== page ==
Once made dizzy by this emotional journey, Roberto began to bludgeon me with the fuzzy logic of timeshares. Since I already spend a certain amount of vacation money per year on my family – as he scribbled some numbers on a page – wouldn’t I like to “own” rights to vacation spots rather than “rent” as I have been doing up to now through traditional hotels? What if I could do that at less cost? More number scribbling followed, plus I would gain “Deed and Title” to vacation ownership. Roberto wrote “D & T” on the page and underlined it twice, so I’d really grasp the solidity of this type of ownership.

“Deed and Title?” That is such garbage. Ask anyone who has ever had tried to book timeshare vacations with points and you will quickly enter a world of “exchange fees,” added fees for “guest certificates,” fees for membership in the points exchange company, and heavy restrictions on usage. Can’t book your vacation with one and half years’ lead time? Sorry, all the places you want to go, at the listed “points” price, are blocked.

Have you ever noticed that carnivals and video game centers always work on a tokens or tickets system, rather than money? Timeshare venders use points for the same reason.

But back to my afternoon with Roberto:

wyndham_resorts_fraudHe repeatedly used the classic “anchoring” sales technique of saying the full price of their vacation point package would be $100,000, only to eventually offer a very similar package for around $27,000. Wow, I should have been thinking, what a huge discount. All just for me?

Actually, he made two offers, a bigger price and a smaller price. Given those two, he asked, which one seemed more attractive to me? This is the sales technique of making me feel like I’m cleverly in charge and actively choosing a smart, low-cost, option.

Were the offers made affordable? Well of course they were, because I can make a low down payment and borrow the rest. Wyndham offered to “finance” part of my purchase of the “Deed and Title” to their vacation points, at 13.99% interest. So that was really nice of them, assuming I don’t mind paying sub-prime mortgage interest rates.

When he heard I was in finance, my salesman focused on the clever “inflation hedge” aspect of these timeshares. Since the cost of hotels would be increasing by 10-14% in coming years (an #AlternateFact, but whatever) I should know that my points would always be worth the same amount forever, so I’d be better off buying today rather than waiting for another day.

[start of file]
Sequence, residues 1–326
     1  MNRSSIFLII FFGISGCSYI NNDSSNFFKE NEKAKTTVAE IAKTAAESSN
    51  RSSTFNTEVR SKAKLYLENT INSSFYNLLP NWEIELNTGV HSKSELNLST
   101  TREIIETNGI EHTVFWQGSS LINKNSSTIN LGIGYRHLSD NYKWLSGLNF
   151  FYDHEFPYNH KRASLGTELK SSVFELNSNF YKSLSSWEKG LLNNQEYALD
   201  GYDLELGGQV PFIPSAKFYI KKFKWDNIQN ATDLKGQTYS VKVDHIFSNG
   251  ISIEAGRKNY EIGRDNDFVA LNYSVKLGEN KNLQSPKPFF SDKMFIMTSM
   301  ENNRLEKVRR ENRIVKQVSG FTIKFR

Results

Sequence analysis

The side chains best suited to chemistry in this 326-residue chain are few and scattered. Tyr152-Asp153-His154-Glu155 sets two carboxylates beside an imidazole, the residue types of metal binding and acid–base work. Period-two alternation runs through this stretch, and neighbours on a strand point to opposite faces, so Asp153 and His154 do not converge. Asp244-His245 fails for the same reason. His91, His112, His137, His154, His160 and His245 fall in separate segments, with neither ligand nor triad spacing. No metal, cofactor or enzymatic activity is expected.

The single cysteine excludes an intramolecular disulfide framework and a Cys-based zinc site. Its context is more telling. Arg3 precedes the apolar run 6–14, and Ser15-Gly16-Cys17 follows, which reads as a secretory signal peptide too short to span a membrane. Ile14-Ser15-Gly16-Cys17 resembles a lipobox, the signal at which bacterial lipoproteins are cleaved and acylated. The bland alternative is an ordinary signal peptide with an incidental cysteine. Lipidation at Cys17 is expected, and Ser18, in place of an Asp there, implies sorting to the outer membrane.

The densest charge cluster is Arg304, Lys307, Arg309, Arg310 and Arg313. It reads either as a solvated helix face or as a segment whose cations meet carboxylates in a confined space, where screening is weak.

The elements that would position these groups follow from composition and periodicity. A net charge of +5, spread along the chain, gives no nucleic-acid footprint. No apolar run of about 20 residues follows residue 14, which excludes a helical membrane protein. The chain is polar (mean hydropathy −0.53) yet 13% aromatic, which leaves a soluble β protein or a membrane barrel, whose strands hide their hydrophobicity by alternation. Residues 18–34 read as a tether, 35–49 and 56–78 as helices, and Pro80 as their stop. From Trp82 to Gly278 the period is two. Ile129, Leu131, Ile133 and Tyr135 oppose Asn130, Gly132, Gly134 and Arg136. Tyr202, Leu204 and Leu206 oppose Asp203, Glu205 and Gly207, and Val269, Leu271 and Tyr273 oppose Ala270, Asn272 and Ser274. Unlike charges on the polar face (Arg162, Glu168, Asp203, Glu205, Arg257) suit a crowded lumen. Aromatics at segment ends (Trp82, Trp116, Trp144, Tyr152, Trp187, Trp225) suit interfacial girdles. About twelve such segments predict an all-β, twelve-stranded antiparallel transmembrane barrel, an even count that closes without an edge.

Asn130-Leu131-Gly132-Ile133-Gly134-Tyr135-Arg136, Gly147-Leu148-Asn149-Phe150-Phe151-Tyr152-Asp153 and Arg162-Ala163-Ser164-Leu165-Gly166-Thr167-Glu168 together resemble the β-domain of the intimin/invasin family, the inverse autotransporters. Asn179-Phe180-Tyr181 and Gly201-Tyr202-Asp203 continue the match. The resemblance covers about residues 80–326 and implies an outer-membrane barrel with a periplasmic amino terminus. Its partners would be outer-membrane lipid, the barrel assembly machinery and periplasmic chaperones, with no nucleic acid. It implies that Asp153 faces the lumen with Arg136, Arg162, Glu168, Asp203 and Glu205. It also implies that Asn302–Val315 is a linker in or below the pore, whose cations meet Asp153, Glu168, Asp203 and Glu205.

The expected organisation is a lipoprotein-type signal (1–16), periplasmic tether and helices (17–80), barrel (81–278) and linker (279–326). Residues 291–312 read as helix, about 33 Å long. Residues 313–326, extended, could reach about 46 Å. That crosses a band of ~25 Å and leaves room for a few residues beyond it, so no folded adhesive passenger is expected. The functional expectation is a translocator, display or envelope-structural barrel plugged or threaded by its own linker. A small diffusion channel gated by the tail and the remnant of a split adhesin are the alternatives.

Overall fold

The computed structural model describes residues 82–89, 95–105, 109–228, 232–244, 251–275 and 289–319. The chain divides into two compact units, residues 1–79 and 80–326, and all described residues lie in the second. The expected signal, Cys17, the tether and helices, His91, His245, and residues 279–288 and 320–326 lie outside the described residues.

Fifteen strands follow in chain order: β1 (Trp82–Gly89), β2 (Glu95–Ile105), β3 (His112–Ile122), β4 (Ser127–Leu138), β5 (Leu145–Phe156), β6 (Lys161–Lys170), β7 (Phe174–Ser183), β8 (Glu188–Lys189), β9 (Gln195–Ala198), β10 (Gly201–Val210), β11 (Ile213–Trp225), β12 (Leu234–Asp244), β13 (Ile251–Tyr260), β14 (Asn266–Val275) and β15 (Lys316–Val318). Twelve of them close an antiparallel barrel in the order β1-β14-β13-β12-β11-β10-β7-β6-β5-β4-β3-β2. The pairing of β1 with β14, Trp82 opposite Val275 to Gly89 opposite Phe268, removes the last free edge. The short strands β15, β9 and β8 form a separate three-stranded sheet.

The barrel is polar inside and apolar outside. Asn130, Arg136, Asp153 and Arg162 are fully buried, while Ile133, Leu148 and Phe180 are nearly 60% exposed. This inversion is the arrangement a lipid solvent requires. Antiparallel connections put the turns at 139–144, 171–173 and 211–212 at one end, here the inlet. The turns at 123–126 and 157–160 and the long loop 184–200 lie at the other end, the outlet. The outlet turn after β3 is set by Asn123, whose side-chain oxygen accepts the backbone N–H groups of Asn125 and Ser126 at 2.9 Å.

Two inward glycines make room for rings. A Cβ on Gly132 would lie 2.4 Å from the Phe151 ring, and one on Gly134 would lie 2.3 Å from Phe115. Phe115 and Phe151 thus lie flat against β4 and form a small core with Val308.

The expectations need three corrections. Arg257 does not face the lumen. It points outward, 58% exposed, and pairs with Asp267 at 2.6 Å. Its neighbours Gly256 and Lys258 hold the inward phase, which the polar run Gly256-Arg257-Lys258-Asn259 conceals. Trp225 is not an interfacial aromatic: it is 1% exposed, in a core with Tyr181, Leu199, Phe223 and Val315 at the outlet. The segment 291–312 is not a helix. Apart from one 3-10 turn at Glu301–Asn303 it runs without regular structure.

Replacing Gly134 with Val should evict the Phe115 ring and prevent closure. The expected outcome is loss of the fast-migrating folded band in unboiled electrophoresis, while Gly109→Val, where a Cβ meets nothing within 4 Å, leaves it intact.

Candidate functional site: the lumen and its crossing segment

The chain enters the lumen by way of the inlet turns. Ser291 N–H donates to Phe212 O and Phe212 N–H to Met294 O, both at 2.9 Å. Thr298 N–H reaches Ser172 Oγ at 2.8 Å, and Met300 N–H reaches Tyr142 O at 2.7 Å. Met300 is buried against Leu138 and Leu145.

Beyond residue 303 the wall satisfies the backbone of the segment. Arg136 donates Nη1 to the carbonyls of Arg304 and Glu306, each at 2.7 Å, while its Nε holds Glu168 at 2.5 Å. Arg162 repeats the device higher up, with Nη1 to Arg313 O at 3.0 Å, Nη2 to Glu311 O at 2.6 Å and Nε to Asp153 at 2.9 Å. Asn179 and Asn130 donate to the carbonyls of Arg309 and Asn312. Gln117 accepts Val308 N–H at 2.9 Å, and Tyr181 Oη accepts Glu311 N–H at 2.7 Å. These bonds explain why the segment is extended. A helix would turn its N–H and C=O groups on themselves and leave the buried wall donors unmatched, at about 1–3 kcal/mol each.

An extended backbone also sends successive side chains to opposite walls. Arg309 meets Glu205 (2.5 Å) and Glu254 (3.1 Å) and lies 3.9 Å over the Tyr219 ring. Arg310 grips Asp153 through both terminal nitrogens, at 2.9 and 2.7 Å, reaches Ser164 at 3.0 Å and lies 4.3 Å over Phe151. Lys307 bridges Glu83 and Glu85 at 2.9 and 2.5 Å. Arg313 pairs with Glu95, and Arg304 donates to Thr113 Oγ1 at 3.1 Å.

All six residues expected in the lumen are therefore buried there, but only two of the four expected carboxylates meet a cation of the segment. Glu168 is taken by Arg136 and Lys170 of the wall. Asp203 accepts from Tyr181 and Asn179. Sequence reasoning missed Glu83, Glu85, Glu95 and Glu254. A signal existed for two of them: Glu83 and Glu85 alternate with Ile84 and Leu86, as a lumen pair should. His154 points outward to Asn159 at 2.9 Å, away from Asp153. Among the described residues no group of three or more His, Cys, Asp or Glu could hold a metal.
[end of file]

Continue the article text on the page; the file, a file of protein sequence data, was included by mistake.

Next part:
Speaking of today, in a classic red-flag sales technique, Roberto would not allow me to take any of their marketing materials or specific offers home to “think about it.” The offer, of course, was “this day only,” with assurances that on any subsequent day I came back the offer would likely be worse.

The Four Horsemen of your personal financial apocalypse: Time Share, Variable Annuity, Bitcoin, Gold

After I had declined to purchase the package, I was sent to an exit interview with a new person. Following a few cursory “how was your experience today” questions, she hit me up once again with an offer to purchase a smaller package, at an even lower price. Today only, of course.

In an earlier professional life, I networked with bankruptcy trustees, the people who sell off valuable assets of the estate of a person who goes bankrupt. You’re not going to believe this but trustees always, always, always had timeshares to offer.

The simple problem for bankruptcy trustees is that timeshares are worth nothing. No, that’s not quite right. Timeshares are worth less than nothing. They have negative value, because they cost money every year to maintain.

This is why Ebay is full of offers for timeshare vacation weeks, and hundreds of thousands of “points,” for $20, or $1. Or even $0.01. Check it out.

Caveat Emptor, or buyer beware, on any particular offering on eBay, obviously, but a scan of timeshare message board confirms that paying full price for a timeshare is a complete mug’s game.

timeshare_bankruptcyAll bankruptcy trustees become inadvertent experts in timeshares, and not just because they can never seem to sell these so-called “assets.” There’s clearly a positive correlation between people who go bankrupt and people who are tricked into believing timeshares are a good investment. Bankruptcy trustees tell a quiet joke amongst themselves that, by law in the United States, nobody is allowed to go bankrupt unless they have first purchased a timeshare.

The slogan of the entire industry should be: “Timeshares: All the costs of renting, none of the benefits of owning.” Catchy, no?

See, that’s why I don’t work in marketing.


A version of this post ran in the San Antonio Express News and Houston Chronicle.


Please see related posts:

Never Buy a Boat

Variable Annuities: Shit Sandwich

Bitcoins and Bullocks

Vacation camping with my daughter